Workshop

Saturday 07 April, GSQ, 25 Stackpole Street, Wishart, 9am-12pm

Many of us think that our family stories will only be read by us and interested family members.  So referencing where we find our information is often the last thing on our mind. However, your research may be used to help others further on down the track — perhaps even 30 years later — but to be a valuable source, you need to list where you found your information. Even if you just include the web sites you used or books you read, there will be a grateful reader who may be able to add to your list or find something that will lead to new insight on their branch of the family.

This is a very practical workshop. There will be three short presentations, each of which will give an overview of aspects of referencing and citation. Participants will then practise the referencing of their work, using their own family stories.  Attendees may bring their own laptop or use the computers at GSQ.

Sharyn Merkley
Sharyn will discuss how your audience can influence the number of references and their level of detail that may be included in family stories.  She will use her latest book, Brisbane Burns, as an example of a book which is not fully referenced and the reasons behind that decision. Other topics will include keeping track of references and bibliographies during research, unwritten rules and what really matters to the reader.

Janice Wellard
It is important to leave a trail for other researchers to follow and endnotes or footnotes are one way to note the sources you have consulted during your family history research. In this presentation, Janice will discuss how to use endnotes or footnotes in your stories and some of the basic ways to present your sources.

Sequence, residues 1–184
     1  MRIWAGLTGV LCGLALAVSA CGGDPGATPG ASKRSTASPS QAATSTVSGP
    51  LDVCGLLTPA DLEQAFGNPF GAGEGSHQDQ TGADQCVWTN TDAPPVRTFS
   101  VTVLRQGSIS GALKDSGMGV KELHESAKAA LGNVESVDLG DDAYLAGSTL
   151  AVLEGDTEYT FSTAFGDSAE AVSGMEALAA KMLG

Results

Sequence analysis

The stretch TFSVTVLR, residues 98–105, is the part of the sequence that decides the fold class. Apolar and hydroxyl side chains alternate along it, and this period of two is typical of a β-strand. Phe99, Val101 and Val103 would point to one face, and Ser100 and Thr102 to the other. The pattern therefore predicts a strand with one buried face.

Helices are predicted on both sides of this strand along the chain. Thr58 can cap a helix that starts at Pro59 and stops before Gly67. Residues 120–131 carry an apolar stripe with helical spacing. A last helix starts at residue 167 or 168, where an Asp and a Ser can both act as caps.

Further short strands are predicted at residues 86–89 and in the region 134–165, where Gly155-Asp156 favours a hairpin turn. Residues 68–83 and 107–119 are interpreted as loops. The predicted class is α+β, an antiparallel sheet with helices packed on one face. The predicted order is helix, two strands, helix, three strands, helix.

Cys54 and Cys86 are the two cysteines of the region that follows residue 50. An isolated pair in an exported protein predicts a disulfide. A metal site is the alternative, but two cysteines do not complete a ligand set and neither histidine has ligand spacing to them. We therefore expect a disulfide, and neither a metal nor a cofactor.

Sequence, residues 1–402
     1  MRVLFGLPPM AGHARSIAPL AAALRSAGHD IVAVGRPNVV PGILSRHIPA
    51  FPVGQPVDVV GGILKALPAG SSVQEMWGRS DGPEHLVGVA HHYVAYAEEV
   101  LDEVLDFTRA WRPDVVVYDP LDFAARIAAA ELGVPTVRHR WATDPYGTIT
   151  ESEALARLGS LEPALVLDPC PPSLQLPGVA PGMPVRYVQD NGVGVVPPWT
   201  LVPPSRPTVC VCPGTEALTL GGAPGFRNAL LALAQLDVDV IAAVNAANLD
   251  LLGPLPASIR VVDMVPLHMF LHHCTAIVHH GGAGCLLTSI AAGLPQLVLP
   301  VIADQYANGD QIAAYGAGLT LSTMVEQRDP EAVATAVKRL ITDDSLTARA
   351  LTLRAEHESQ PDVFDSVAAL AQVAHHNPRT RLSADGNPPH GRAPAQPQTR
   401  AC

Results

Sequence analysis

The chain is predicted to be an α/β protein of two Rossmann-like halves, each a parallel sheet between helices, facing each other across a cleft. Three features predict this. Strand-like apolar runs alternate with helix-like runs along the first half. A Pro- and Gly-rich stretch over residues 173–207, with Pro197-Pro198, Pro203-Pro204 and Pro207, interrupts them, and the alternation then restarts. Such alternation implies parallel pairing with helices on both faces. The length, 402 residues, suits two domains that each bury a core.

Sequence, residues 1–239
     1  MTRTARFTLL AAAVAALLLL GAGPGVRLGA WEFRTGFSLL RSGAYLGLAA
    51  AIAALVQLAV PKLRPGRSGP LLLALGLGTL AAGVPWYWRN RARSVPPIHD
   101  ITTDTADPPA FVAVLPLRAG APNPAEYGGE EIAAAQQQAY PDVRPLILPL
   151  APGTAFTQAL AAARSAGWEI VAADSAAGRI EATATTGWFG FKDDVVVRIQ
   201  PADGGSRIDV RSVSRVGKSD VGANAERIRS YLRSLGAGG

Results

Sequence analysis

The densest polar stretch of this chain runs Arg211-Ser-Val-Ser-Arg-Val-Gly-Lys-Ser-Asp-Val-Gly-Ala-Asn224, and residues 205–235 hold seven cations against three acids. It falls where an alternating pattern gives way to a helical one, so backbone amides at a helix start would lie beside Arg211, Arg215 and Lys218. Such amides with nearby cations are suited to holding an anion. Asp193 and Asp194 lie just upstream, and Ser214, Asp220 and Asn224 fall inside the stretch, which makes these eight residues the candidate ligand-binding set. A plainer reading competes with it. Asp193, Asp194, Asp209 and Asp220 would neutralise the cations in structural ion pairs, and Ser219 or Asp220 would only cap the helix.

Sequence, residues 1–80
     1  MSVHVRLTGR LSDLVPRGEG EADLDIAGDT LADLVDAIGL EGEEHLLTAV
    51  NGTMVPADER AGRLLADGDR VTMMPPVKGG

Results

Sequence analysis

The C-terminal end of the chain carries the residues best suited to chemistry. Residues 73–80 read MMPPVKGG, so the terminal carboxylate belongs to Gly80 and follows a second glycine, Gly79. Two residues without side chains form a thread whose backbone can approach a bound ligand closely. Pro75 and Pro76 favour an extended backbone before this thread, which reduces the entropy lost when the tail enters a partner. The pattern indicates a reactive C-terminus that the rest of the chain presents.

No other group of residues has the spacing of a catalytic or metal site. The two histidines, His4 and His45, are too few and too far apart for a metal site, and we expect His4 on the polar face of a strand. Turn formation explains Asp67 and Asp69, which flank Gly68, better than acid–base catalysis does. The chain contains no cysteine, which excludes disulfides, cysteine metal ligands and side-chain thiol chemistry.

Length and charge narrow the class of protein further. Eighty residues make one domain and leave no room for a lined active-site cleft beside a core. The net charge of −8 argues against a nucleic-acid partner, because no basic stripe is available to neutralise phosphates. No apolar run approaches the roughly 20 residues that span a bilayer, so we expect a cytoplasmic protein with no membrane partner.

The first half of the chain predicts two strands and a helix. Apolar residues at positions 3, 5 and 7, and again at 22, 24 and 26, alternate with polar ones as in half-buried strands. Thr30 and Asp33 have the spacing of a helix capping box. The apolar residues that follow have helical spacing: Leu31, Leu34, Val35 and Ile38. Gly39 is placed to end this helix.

Janice Cooper
Someone once said that a family history without references could be considered a work of fiction. What this means is that if your painstakingly researched book doesn’t cite where you found your information, then it will lack credibility and not provide a trail for others to follow. Does this matter if your publication will be given only to family members? What are the special features of referencing important to family history writing? What other features of your writing, such as indexes and bibliographies, provide a trail for others to follow? This presentation will discuss answers to these questions.  

About the presenters

 

Janice Wellard

Janice has been doing family history research for over 40 years and writing stories about various ancestors for much of this time. She enjoys volunteering at GSQ and helping members research their own ancestors (and others) as well as presenting the regular Introduction to Family History course for GSQ. As Editor of GSQ’s journal Generation, she is very keen to encourage all writers to reference their stories, partly because it can be of benefit to others, giving them ideas and options to further their own research.

 

 

Sharyn Merkley

Sharyn first became interested in her own family history as a teenager listening to her great grandmother’s stories. Since then she has continued to research her own family and that of her husband. In 2012 while hunting the Merkley ancestors she became fascinated by the story of the Great Fire of Brisbane. This led to five years of research and writing delving into the family history of the survivors resulting in the publication Brisbane Burns: How the great fires of 1864 shaped a city and its people.

 

 

Janice Cooper

Janice is an experienced family historian with a primary interest in her Australian ancestry since 1791. She is keen for the excellent research and writing undertaken by family historians to be widely recognised and enhanced. Her publications include articles in general, local and family history magazines and blogs. She is involved in judging family history publications.